AAOS Bulletin - August, 2005

Timing of prophylactic antibiotics in TJA

Recommendations exist, but questions persist

By Terry A. Clyburn, MD

The literature on the timing of a preoperative dose of prophylactic antibiotics is clear and supported by excellent laboratory and clinical studies. The classic 1961 article by Burke, using an animal model, revealed what he termed the “effective period”—a period of about two hours prior to the creation of the wound in which the antibiotic could be administered and still be effective. When the antibiotic was administered outside that window or after the wound became contaminated, it was not effective.

Burke stated “failure to administer the first dose of antimicrobial prophylaxis within the two-hour window of time before incision is associated with a two- to six-fold increase in rates of surgical site infection.”1 Several other authors have concluded that to prevent infection, there must be bactericidal levels in the tissue at the time of surgery.2,3 Many other studies support antibiotic administration as the single greatest factor in lowering the infection rate in total hip arthroplasty.4-6

Despite this body of evidence, questions persist about the appropriate timing of prophylactic antibiotics. There has been some concern that dosing immediately before surgery may not result in adequate bactericidal levels during surgery. Both the National Surgical Infection Prevention Project (SIPP) and the AAOS recommend that antibiotic prophylaxis be initiated one hour prior to incision to maximize the effective period. If vancomycin is used, the dose should be administered two hours prior to incision to accommodate the extended infusion time.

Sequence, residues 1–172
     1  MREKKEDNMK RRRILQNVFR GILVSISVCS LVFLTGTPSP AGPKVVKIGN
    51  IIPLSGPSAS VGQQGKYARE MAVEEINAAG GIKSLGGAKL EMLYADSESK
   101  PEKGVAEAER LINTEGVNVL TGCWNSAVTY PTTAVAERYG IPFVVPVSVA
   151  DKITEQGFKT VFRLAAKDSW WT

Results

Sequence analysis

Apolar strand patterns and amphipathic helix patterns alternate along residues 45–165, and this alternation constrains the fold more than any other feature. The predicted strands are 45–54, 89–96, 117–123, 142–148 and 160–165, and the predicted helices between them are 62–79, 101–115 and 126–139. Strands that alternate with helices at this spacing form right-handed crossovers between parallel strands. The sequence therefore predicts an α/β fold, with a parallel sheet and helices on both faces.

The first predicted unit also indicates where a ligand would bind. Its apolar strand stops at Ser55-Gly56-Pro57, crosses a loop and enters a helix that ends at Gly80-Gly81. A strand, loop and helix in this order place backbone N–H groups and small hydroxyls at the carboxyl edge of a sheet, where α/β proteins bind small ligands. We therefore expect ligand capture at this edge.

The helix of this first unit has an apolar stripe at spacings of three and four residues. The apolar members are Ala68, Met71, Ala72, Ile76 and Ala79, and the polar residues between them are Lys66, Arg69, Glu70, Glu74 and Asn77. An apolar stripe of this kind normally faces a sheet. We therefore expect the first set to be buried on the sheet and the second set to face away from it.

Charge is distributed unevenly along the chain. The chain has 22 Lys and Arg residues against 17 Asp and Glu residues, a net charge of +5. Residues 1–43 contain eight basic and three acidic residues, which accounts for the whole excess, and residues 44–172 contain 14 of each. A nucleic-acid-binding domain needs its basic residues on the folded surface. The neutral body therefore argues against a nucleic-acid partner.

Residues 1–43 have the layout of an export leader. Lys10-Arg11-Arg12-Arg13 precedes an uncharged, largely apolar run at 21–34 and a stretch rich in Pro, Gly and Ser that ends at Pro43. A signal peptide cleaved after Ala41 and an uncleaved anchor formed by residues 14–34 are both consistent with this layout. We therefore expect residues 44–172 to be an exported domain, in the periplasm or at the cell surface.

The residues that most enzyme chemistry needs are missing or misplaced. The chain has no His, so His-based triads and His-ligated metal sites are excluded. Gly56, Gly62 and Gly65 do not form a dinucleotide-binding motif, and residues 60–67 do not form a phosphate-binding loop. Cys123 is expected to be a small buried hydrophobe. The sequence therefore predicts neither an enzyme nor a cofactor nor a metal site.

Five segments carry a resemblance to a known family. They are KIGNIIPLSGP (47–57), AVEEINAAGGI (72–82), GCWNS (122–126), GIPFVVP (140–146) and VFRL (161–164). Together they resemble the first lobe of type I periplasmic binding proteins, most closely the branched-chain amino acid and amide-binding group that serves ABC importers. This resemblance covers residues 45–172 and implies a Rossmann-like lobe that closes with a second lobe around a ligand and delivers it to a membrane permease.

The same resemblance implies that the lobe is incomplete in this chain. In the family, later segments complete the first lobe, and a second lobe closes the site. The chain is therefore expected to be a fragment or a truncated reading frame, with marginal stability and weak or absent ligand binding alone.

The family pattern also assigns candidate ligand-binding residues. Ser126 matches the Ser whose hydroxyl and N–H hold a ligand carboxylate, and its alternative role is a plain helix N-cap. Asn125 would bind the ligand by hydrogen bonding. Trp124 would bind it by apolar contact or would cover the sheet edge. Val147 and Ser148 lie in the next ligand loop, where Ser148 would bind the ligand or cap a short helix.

One study reported bone and serum concentrations of five cephalosporins, administered over a five-minute period in the operating room (OR) immediately prior to total hip and total knee procedures, and continued for 48 hours. Researchers noted a trend between the serum concentration and the bone concentration. Antibiotics with greater concentration in bone also had higher serum levels and longer half lives (cefazolin and ceforamide).7 Another study examined the concentration of cephalothin and cefamandole in serum, bone, synovial fluid and wound drainage in 29 total knee replacements and 28 total hip replacements. The antibiotics were administered with the induction of anesthesia, and high concentrations of antibiotics were found in all samples. The authors concluded: “Because antibiotics penetrate bone rapidly, it is unnecessary to start antibiotics prior to the time of surgery.”8

Tourniquets

It may be theorized that inflating the tourniquet minutes after administering the antibiotic would result in a lower dose of antibiotic in the knee area.9 However; the preponderance of evidence indicates that the bone concentrations of cephalosporin administered in the OR are well above the minimum inhibitory concentration (MIC) for the targeted organisms.

Schurman specifically studied the effect of the tourniquet,8 finding that concentrations of the same antibiotic at the hip and knee were not significantly different even though a tourniquet was used for the knee replacement procedures. In another analysis of bone concentrations of cephalosporins administered immediately preoperatively, results revealed the bone concentration of cefazolin, which has a half-life of 42 minutes, to be 60 times the MIC for penicillin-resistant Staphylococcus aureus.10

Yet another study found that the bone concentration of antibiotic was highest 60 minutes after antibiotic administration, and therefore recommended administration of the initial dose in the “anteroom” prior to surgery.3

On-call to OR

Another popular option is to order that antibiotics be administered when the patient is “on-call” to the OR, but this practice has been shown to be unreliable. Many factors contribute to the variability of this option, including system problems at hospitals.

Despite the proven need to start antibiotics preoperatively, two studies done in the 1980s show poor compliance.11,12 One study found that antibiotics were given immediately prior to surgery (within four hours) in only 49 percent of cases and were given more than four hours prior in 10 percent of cases. Furthermore, only 59 percent of 29 total joint cases received antibiotics before surgery.12 Results of a 1989 study examining priorities in surgical antibiotic prophylaxis led the authors to conclude “…on call dosing is no longer acceptable because it may result in premature administration of the antibiotic regiment and insufficient tissue concentrations of drug during the decisive interval.”13